Lynne C. Giles:Flinders University, Australia, Lynne.Giles@rgh.sa.gov.au
Patricia A. Metcalf:The University of Auckland, New Zealand
Gary F. V. Glonek:The University of Adelaide, Australia
Mary A. Luszcz: Flinders University, Australia
Gary R. Andrews:Flinders University, Australia
Objective: To investigate the effects of total social networks and specific social net-works with children, relatives, friends, and confidants on disability in mobility and Nagi functional tasks. Methods: Six waves of data from the Australian Longitudinal Study of Ageing were used. Data came from 1,477 participants aged 70 years or older. The effects of total social networks and those with children, relatives, friends, and confidants on transitions in disability status were analyzed using binary and multinomial logistic regression. Results: After controlling for a range of health, environmental, and personal factors, social networks with relatives were protective against developing mobility disability (OR = 0.89; 95% CI = 0.79 to 1.00) and Nagi disability (OR = 0.85; 95% CI = 0.74 to 0.96). Other social subnetworks did not have a consistent effect on the development of disability. Discussion: The effects of social relationships extend beyond disability in activities of daily living. Networks with relatives protect against disability in mobility and Nagi tasks.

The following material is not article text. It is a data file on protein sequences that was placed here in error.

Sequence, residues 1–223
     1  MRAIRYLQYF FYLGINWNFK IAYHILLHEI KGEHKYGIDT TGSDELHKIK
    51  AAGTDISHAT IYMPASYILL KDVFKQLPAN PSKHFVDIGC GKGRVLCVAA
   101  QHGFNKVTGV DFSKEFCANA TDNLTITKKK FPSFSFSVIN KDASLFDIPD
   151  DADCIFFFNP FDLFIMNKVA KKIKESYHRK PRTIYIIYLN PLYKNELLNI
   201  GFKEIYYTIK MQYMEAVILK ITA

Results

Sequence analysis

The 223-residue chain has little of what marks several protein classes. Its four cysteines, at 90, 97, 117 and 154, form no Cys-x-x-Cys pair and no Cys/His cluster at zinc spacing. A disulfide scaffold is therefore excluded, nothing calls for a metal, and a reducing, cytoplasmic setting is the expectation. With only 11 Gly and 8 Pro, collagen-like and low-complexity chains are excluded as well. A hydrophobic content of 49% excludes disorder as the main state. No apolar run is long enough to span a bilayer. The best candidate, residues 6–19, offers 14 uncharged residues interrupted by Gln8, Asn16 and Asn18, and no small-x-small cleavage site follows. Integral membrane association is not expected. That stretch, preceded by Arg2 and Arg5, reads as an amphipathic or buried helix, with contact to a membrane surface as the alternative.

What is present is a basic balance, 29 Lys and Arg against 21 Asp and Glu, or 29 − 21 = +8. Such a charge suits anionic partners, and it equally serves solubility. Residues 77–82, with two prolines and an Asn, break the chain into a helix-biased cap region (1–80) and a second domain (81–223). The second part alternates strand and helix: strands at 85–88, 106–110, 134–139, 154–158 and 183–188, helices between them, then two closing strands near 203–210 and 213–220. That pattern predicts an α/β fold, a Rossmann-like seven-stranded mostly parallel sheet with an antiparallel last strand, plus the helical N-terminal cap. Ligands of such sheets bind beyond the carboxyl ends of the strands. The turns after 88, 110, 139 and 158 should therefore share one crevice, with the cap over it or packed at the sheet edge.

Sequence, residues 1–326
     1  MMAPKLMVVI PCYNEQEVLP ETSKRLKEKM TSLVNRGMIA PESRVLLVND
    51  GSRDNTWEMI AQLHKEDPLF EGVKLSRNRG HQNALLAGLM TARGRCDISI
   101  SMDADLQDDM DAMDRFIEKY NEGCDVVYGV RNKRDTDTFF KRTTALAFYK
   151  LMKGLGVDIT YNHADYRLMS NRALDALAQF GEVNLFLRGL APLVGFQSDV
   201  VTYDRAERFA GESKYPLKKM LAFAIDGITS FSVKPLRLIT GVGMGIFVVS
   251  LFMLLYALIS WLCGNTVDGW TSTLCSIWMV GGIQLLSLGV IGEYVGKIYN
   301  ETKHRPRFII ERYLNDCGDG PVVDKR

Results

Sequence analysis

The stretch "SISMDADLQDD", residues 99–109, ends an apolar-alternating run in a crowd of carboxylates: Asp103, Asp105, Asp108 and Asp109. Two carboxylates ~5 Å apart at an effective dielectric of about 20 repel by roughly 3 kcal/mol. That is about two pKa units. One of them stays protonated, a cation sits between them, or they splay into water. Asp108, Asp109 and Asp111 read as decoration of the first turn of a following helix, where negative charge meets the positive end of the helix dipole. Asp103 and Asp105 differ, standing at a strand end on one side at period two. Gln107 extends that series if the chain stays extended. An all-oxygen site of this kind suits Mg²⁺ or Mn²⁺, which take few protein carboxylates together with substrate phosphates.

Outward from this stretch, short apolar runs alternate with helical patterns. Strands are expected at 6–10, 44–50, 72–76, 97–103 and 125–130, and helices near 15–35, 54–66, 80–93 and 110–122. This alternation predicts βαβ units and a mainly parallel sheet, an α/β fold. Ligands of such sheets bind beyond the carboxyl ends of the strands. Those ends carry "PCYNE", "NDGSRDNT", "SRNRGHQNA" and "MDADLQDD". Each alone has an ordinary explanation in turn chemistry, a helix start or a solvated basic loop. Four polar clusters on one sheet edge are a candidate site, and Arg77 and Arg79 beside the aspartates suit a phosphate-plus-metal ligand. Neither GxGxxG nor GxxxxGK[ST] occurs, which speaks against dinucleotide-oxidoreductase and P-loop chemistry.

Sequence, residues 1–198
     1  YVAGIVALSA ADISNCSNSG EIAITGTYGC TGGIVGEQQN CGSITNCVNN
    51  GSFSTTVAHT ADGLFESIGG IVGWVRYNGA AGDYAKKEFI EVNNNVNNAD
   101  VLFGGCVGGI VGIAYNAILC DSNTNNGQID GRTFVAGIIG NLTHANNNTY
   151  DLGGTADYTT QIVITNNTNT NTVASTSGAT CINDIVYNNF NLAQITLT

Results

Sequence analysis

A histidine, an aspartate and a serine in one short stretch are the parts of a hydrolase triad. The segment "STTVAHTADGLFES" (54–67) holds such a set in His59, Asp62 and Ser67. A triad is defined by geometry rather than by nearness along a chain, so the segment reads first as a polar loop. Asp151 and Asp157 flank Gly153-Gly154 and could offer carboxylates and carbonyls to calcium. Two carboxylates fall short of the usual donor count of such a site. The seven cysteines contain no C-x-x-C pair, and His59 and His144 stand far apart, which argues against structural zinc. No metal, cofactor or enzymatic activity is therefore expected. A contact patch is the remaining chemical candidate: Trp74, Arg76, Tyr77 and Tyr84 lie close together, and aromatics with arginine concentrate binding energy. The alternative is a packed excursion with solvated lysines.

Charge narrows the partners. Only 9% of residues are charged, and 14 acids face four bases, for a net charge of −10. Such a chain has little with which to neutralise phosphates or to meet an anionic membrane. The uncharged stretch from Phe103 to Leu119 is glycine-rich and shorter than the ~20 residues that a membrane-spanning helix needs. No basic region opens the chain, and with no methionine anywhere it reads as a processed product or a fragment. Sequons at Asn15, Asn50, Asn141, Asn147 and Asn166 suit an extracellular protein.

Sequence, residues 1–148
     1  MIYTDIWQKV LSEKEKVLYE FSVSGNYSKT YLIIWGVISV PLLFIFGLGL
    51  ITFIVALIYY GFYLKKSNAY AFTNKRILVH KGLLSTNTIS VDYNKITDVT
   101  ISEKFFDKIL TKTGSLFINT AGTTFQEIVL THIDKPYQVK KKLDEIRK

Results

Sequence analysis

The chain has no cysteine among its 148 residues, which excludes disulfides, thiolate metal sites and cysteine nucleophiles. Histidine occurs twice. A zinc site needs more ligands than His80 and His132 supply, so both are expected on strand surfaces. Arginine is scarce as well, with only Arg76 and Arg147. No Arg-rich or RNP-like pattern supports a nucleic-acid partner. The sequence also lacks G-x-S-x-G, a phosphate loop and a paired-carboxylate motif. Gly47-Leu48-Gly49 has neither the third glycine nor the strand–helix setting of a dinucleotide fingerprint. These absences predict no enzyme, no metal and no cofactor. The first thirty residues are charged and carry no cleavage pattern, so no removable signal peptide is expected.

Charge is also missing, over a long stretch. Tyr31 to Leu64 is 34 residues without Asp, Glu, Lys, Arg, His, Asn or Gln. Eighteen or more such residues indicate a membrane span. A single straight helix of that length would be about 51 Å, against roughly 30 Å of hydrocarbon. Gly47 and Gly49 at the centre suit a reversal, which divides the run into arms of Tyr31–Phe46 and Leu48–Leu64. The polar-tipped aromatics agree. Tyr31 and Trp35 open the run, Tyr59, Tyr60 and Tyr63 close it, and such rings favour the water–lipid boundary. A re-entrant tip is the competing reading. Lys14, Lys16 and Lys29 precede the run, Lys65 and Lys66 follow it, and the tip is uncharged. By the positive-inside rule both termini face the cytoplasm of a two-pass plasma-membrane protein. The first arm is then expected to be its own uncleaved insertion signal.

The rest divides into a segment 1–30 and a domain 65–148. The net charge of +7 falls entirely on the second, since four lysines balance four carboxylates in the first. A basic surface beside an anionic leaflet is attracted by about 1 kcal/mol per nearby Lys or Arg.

Key Words: transitions � Australian Longitudinal Study of Ageing � activity limitations � disability � social networks